Combined non-invasive functional and anatomical diagnostic work-up in clinical practice: the magnetic resonance and computed tomography in suspected coronary artery disease (MARCC) study

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The combined use of cardiac computed tomography (CT) coronary angiography (CTCA) and myocardial perfusion imaging allows the non-invasive evaluation of coronary morphology and function. Cardiovascular magnetic resonance (CMR) imaging has several advantages: it can simultaneously assess myocardial perfusion, ventricular and valvular function, cardiomyopathy, and aortic disease and does not involve any additional ionizing radiation. We investigated the combined use of cardiac CT and CMR for the diagnostic evaluation of patients with suspected coronary artery disease (CAD) in clinical practice.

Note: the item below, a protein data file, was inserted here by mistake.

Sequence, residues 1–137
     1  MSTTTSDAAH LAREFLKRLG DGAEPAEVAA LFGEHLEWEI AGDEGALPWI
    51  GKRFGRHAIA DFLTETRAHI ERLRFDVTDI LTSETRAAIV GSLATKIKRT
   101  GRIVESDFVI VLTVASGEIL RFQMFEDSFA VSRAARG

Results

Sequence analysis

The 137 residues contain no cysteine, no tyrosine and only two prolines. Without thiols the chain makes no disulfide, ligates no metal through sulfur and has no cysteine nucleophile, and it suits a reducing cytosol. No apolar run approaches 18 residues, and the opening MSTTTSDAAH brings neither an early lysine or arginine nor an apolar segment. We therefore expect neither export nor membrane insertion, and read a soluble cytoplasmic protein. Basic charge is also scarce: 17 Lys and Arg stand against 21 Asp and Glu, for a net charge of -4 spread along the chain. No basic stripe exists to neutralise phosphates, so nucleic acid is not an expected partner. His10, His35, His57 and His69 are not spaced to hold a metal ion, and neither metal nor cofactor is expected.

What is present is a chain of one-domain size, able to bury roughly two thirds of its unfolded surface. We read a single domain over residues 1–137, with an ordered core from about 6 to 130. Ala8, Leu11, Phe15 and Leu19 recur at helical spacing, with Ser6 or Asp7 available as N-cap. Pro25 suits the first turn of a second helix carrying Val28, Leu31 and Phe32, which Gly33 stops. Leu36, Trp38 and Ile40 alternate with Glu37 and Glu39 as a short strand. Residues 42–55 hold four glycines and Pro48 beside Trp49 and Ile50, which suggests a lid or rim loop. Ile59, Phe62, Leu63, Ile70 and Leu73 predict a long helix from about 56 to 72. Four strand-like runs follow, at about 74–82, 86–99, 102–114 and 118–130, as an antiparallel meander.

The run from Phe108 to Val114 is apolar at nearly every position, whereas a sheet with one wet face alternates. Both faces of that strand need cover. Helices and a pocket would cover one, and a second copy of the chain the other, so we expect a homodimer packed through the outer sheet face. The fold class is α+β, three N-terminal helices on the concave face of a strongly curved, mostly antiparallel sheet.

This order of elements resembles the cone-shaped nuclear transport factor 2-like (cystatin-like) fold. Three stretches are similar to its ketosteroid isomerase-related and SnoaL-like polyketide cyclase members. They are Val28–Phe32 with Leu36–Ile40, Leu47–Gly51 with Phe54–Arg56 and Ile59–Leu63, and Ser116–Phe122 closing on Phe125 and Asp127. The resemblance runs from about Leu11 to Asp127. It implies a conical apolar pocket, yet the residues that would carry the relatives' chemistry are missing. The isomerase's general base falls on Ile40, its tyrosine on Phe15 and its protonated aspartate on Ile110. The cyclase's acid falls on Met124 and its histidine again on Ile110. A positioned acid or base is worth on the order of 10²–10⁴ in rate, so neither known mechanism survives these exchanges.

Methods and results

A total of 192 patients with low or intermediate pre-test probability of CAD underwent CTCA and CMR. All patients with obstructive CAD on CTCA and/or myocardial ischaemia on CMR were referred for invasive coronary angiography (ICA). Fractional flow reserve was measured in case of intermediate lesions (30–70% diameter stenosis) on ICA. Additional cardiac and extra-cardiac findings by CTCA and CMR were registered. The combination of CTCA and CMR significantly improved specificity and overall accuracy (94 and 91%) for the detection of significant CAD compared with their use as a single technique (CTCA 39 and 57%, P < 0.0001; CMR 82 and 83%, P = 0.016). No events were recorded during follow-up (18 ± 6 months) in 104 patients who did not undergo ICA. Furthermore, the combined strategy provided an alternative diagnosis in 19 patients.


The combined use of CTCA and CMR significantly improved specificity and overall diagnostic accuracy for the detection of significant CAD and allowed the detection of alternative (extra-)cardiac disease in patients without significant CAD.

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